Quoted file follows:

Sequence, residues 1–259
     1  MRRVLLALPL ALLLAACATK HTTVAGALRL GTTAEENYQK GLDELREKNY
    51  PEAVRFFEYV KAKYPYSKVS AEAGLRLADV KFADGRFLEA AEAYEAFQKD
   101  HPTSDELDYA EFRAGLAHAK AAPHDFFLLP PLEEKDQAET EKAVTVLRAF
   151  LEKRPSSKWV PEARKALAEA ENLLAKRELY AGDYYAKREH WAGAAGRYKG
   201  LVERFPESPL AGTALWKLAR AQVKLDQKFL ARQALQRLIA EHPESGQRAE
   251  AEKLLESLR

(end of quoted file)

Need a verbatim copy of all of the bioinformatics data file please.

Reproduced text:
Sequence, residues 1–259
     1  MRRVLLALPL ALLLAACATK HTTVAGALRL GTTAEENYQK GLDELREKNY
    51  PEAVRFFEYV KAKYPYSKVS AEAGLRLADV KFADGRFLEA AEAYEAFQKD
   101  HPTSDELDYA EFRAGLAHAK AAPHDFFLLP PLEEKDQAET EKAVTVLRAF
   151  LEKRPSSKWV PEARKALAEA ENLLAKRELY AGDYYAKREH WAGAAGRYKG
   201  LVERFPESPL AGTALWKLAR AQVKLDQKFL ARQALQRLIA EHPESGQRAE
   251  AEKLLESLR